(Here’s Ichiro during BP on Sunday. He won’t be bunting much in the No. 3 hole, however. Associated Press photo).
It was evident almost from the first swing he took that something was different about Ichiro this spring. I watched him through a fence on the first day he took swings, all by himself, and even to my untrained eye, I could tell that it wasn’t the old Ichiro. He looked more conventional than I had ever seen him, not the slap hitter I was used to seeing.
But that was just an informal session after a long flight from Japan, so it wasn’t clear to me if this was something that was going to last. Watching him pretty closely this week in batting practice, however, it became clearer and clearer that a major transformation had taken place. For one thing, he has a much wider, and more balanced, stance. For another, he’s not lifting his front leg, not perceptibly. . And, putting it all into action, he seems much more intent on scalding line drives than the “slap” style of old.
Turns out my eyes weren’t deceiving me. Other people, like Eric Wedge, have noticed the same thing. And today, when Wedge announced that Ichiro will be his No. 3 hitter, it came into clearer focus.
“You can already see he’s obviously made some adjustments this winter if you watch him take BP,” Wedge said. “Ultimately, what I want him to do, I want him to make it his own. He’s as smart a baseball player as we have in there. He understands the game very well. He understands what the responsibilities and priorities are with someone hitting third. I’m trusting in that. What he wants to do is what’s best for the ballclub. That’s what he’s doing here.
“He’s a smart player, a very smart hitter. Any adjustment he’s making is because there’s good reason for it in his mind. I don’t think he made any changes coming in here from a batting stance standpoint with regards to just hitting third. I do know one thing: He’s stronger. He knew this was an option and I think he prepared for it.”
Turns out that’s exactly the case. Ichiro said he had been preparing himself mentally all winter for the possibility of hitting third. And he confirmed that he had also been working on changing his hitting style.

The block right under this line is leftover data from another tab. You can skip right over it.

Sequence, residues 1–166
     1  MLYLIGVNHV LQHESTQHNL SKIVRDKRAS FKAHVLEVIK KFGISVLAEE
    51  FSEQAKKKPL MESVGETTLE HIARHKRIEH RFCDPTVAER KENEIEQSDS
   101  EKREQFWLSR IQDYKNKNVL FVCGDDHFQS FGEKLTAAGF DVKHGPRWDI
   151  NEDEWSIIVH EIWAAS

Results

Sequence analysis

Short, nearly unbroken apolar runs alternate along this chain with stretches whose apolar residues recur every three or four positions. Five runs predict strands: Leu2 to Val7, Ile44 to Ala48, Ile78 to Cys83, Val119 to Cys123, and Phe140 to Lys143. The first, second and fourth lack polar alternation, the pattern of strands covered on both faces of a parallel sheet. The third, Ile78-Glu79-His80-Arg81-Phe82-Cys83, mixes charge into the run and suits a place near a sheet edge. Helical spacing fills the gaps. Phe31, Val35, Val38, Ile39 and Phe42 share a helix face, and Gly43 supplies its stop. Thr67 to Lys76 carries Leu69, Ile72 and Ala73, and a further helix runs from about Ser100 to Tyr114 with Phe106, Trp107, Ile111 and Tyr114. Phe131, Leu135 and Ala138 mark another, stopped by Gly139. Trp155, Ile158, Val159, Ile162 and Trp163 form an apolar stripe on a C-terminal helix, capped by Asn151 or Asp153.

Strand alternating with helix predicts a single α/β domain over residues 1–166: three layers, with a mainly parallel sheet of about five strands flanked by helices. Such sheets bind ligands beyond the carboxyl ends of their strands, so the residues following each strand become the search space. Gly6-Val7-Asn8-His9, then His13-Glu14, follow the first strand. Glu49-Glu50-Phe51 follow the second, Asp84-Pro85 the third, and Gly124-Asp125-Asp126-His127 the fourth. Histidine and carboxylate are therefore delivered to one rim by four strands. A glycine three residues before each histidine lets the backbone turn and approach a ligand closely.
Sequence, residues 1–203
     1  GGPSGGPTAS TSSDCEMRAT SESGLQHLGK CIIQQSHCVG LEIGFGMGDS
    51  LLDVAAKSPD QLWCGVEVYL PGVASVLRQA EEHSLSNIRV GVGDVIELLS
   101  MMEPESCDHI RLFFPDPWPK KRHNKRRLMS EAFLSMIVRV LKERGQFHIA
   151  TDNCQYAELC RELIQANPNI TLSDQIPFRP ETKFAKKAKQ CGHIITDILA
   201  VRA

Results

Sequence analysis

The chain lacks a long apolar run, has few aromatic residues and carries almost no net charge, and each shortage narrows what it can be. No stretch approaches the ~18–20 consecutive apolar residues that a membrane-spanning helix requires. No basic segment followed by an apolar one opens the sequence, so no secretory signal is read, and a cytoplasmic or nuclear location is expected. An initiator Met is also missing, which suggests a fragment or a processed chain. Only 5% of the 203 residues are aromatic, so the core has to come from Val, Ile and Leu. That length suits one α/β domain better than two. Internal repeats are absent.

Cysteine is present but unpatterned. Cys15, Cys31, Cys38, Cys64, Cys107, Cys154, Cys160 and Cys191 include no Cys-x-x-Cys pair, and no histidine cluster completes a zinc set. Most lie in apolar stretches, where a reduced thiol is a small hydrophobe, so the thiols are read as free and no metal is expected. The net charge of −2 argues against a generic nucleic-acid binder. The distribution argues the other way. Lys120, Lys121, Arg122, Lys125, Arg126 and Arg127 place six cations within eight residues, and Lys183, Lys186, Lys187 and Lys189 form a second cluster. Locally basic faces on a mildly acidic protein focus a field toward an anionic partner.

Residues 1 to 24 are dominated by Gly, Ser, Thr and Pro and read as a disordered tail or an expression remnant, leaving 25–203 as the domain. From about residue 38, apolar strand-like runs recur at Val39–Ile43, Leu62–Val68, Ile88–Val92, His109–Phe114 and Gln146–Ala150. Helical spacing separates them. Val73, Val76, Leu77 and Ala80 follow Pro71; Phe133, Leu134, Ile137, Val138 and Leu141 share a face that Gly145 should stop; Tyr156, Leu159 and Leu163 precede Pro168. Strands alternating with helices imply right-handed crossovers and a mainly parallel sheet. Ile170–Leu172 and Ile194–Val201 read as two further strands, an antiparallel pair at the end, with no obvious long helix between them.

“I’ve been working on that stance the whole offseason, so that’s not temporary,” he said.
Asked why, he said, “To perform better. We all make changes, adjustments to perform better. That’s the only reason.”
To me, the change in Ichiro’s approach is more interesting, and potentially more impactful, than the change in the Mariner batting order. I think it’s absolutely the right thing for him to do, the best way to regain his stature as a premier hitter. In fact, last June I wrote a blog post entitled, ‘Does Ichiro need to re-invent himself as a hitter?” in which I answered that question affirmatively. At his age, he’s not going to get any faster, so an approach that has been so predicated on infield hits — more than 50 a season in his prime years, and up to a peak of 63 in 2001, when he took the league by storm — is not going to continue to be effective.
Last year, Ichiro had just 38 infield hits, the second-lowest total of his career (he had 34 in 2005, his previous worst year). His batting average if you exclude infield hits was .227, by far the lowest of his career. My theory is that teams were taking away his infield hits by playing him tighter than ever, because they didn’t respect his ability to drive the ball past him — either in the infield or outfield. He had just 30 extra-base-hits.
The first reaction, of course, is to say, “So why put a guy like that in three hole?” It’s a legitimate question. But every Mariners manager who has ever had Ichiro on his team has flirted with the idea, because they see what Ichiro can do in batting practice when he puts his mind to it. Drive after drive into the seats. And there has always been a sense that Ichiro can do what he wants with a bat, if he puts his mind to it.
Now, it seems, he is putting his mind to being a more conventional hitter, one aiming for the gaps and not the hole at shortstop. It’s going to be fascinating to watch play out.